A "truism" is a statement or principle that over time comes to be accepted as fact. If, at some point, proven data should arise that contradicts that accepted truth, then we are left with a "fallacy." But old truisms die-hard and many times those who challenge them are ridiculed.
For hundreds of years it was an accepted truth that the earth was the center of the universe and all the heavenly bodies rotated around it. Galileo, the scientist who invented the telescope, published his findings, which proved that actually the earth revolved around the sun. The scientific community was so upset with his departure from accepted theories that they threatened to bring Galileo before the court on charges if he did not retract what they considered irresponsible statements.
Over the years, the art of hitting a baseball has developed its own list of truisms.
Transfer Your Weight To A Stiff Front Leg
Stride With The Front Toe Closed
Swing Down At The Ball
Let Go Of The Top Hand
Keep Back Elbow Down
You're Pulling Your Head Off The Ball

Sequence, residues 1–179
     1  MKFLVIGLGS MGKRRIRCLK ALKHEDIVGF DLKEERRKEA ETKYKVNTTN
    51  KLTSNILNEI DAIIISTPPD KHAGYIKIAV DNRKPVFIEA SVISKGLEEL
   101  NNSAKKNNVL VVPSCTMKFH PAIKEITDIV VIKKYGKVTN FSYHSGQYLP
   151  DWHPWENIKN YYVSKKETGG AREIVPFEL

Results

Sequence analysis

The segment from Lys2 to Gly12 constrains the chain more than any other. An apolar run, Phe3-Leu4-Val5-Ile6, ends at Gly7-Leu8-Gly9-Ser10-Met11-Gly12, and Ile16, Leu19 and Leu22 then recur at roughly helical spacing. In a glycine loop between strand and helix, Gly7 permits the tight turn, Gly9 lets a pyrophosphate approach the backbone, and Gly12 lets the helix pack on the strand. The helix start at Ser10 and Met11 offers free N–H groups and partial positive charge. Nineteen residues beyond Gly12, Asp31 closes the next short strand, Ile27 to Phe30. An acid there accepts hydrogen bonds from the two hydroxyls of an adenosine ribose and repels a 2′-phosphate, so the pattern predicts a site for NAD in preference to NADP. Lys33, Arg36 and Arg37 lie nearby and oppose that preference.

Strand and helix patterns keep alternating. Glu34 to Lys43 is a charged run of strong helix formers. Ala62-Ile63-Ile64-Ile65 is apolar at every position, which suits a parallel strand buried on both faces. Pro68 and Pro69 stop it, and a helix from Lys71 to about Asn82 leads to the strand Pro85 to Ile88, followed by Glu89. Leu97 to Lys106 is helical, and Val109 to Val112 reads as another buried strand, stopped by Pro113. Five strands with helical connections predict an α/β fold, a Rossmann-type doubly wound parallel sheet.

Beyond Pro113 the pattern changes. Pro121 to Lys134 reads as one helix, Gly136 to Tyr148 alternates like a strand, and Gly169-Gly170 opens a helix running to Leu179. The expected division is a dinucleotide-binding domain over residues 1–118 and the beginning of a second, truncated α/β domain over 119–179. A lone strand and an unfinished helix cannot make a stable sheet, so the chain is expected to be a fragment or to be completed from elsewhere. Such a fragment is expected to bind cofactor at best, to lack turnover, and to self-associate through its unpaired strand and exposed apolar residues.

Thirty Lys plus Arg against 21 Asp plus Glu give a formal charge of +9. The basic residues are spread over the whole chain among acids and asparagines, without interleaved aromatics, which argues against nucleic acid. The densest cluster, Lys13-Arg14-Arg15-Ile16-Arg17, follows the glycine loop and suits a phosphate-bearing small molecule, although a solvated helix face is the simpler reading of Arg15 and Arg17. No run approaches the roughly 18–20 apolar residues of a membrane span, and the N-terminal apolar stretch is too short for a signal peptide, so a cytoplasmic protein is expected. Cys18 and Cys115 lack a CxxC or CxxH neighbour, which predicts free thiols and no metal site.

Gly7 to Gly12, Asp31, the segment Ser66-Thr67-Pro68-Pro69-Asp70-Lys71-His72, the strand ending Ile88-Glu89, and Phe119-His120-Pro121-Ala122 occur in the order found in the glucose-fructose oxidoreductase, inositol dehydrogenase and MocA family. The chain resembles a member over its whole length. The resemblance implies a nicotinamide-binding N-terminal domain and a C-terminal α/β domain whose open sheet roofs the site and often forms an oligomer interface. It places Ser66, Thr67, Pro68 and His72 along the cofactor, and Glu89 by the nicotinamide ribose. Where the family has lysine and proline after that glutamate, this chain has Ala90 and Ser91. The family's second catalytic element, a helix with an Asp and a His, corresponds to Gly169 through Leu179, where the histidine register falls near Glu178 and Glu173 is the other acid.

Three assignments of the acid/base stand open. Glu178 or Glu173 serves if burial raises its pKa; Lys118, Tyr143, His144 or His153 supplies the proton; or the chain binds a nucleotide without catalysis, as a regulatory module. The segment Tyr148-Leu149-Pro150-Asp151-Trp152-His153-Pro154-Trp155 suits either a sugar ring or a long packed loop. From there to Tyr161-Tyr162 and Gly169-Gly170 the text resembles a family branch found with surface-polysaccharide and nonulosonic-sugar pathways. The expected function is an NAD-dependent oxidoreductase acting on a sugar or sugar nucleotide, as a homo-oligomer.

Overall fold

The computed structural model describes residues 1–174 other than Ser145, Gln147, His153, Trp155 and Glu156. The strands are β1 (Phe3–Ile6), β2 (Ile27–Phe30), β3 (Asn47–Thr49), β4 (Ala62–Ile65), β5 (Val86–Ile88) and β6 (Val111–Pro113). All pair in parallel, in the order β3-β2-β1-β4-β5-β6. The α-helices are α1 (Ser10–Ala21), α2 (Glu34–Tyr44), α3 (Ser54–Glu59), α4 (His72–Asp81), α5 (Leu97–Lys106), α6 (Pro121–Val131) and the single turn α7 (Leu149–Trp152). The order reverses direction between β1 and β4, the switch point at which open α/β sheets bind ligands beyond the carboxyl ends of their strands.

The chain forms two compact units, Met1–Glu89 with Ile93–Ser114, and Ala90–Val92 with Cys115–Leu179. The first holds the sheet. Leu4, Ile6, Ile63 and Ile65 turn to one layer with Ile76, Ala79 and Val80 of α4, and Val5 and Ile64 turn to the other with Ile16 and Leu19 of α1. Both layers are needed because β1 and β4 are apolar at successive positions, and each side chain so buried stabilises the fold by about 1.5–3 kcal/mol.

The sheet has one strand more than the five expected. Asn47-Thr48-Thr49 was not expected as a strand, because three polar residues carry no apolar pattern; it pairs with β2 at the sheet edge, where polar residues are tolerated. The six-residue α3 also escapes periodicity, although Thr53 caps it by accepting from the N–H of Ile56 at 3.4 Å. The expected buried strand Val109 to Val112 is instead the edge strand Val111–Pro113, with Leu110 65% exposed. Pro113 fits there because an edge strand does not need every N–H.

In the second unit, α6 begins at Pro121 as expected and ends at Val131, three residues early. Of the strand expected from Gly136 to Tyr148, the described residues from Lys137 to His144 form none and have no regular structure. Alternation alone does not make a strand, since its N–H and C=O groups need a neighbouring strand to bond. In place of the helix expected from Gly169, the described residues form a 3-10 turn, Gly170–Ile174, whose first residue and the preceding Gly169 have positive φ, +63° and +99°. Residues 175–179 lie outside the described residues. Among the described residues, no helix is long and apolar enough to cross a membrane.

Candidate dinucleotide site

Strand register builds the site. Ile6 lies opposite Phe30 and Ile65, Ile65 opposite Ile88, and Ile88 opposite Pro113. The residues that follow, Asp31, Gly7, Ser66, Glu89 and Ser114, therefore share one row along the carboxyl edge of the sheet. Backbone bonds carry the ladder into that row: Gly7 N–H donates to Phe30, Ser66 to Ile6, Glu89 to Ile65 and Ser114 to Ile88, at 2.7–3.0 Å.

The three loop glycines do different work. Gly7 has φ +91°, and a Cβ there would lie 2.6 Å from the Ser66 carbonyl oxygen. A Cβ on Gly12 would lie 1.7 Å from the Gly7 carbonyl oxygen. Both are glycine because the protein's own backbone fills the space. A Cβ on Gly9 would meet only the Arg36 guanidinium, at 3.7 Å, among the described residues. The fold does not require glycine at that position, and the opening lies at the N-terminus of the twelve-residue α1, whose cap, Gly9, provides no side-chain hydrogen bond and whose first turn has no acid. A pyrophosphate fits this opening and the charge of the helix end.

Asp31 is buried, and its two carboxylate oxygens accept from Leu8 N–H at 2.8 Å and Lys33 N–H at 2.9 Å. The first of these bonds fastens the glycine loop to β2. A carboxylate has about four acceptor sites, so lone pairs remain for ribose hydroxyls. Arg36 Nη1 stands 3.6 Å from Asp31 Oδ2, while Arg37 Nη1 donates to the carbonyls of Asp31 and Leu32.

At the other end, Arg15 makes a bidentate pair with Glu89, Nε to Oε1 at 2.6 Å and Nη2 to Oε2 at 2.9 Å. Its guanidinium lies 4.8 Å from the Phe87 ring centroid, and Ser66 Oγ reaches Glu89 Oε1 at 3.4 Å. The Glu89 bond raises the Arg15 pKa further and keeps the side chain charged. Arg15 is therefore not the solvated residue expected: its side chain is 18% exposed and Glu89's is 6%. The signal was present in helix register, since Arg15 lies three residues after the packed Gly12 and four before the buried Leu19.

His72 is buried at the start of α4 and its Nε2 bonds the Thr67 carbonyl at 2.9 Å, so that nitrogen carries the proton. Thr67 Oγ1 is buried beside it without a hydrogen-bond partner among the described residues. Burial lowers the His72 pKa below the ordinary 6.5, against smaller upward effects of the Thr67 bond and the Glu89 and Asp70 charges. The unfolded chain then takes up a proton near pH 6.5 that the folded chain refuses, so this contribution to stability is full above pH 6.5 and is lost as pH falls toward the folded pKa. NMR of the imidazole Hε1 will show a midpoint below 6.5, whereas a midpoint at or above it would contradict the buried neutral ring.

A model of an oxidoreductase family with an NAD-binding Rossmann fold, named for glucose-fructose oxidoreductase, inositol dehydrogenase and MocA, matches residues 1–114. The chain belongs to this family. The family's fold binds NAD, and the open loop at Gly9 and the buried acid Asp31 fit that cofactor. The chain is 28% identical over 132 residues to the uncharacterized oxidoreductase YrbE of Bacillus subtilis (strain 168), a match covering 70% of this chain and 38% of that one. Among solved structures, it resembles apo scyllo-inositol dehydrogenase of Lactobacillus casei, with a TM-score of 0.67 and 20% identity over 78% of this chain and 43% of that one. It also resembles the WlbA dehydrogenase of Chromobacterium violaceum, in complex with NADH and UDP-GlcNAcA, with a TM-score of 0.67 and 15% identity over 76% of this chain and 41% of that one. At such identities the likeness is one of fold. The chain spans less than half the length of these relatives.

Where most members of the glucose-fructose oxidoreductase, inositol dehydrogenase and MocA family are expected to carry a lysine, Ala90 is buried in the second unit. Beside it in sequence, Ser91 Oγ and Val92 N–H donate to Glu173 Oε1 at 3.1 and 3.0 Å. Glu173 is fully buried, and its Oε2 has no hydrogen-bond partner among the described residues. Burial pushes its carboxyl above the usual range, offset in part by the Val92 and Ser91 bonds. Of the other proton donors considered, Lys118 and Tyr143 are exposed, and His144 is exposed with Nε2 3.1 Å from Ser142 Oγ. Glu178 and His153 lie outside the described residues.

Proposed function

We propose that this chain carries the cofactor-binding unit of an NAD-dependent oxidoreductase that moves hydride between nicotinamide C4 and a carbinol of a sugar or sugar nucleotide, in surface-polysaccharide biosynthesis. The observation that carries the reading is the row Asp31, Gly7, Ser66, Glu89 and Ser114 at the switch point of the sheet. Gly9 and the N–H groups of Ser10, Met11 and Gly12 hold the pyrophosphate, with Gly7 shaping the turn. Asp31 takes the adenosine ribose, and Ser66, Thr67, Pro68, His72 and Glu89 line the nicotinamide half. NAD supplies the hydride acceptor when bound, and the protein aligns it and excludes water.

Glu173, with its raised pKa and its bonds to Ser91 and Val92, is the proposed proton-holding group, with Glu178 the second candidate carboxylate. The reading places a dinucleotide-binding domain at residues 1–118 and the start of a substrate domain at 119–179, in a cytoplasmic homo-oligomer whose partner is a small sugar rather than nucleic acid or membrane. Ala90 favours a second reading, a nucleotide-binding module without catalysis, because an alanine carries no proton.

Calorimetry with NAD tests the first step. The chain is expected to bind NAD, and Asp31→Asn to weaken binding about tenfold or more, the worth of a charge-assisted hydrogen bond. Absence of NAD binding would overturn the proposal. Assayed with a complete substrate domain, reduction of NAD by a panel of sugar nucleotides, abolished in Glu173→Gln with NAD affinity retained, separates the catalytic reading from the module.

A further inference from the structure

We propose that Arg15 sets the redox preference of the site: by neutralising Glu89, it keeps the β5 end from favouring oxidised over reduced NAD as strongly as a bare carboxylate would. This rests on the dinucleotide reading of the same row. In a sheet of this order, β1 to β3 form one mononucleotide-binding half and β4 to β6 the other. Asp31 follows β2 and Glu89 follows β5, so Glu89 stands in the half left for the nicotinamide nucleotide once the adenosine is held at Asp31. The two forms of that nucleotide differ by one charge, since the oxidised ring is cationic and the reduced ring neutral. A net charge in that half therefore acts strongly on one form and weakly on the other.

Swing For The Fence - Ruin Your Mechanics
info acquired from www.batspeed.com
Your top hand should roll over at contact.
Your stride goes to where the ball is pitched.
The lead arm is more important than the rear arm.
A hitch in your swing is always bad.
Don't move until you see the ball.
You get better rotation with your hips when you push off your rear leg.
You should get "100%" of your body into the swing.
A long swing will generate more power.
Hit with your weight on your back leg.
Hit with your weight on your front leg.
A long stride generates more power.
An aluminum bat is the best bat with which to practice.
Extension is reached just before contact.
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